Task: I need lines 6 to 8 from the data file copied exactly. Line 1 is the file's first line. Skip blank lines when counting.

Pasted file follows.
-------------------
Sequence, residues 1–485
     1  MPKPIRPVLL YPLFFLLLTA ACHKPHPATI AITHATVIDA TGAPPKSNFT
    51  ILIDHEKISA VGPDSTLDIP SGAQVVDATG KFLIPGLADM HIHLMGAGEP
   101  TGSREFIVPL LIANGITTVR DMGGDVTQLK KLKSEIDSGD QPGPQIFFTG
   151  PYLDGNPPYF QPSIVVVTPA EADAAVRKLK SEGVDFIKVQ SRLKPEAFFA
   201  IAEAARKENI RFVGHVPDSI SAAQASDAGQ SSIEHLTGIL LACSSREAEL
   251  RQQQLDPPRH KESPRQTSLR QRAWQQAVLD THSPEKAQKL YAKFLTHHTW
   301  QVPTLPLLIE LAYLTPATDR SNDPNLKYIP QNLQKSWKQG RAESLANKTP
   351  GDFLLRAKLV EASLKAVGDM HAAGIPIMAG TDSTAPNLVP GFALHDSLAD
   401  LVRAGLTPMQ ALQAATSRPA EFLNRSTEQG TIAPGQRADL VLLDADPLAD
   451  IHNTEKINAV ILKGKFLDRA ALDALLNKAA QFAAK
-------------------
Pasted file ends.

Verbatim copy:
   201  IAEAARKENI RFVGHVPDSI SAAQASDAGQ SSIEHLTGIL LACSSREAEL
   251  RQQQLDPPRH KESPRQTSLR QRAWQQAVLD THSPEKAQKL YAKFLTHHTW
   301  QVPTLPLLIE LAYLTPATDR SNDPNLKYIP QNLQKSWKQG RAESLANKTP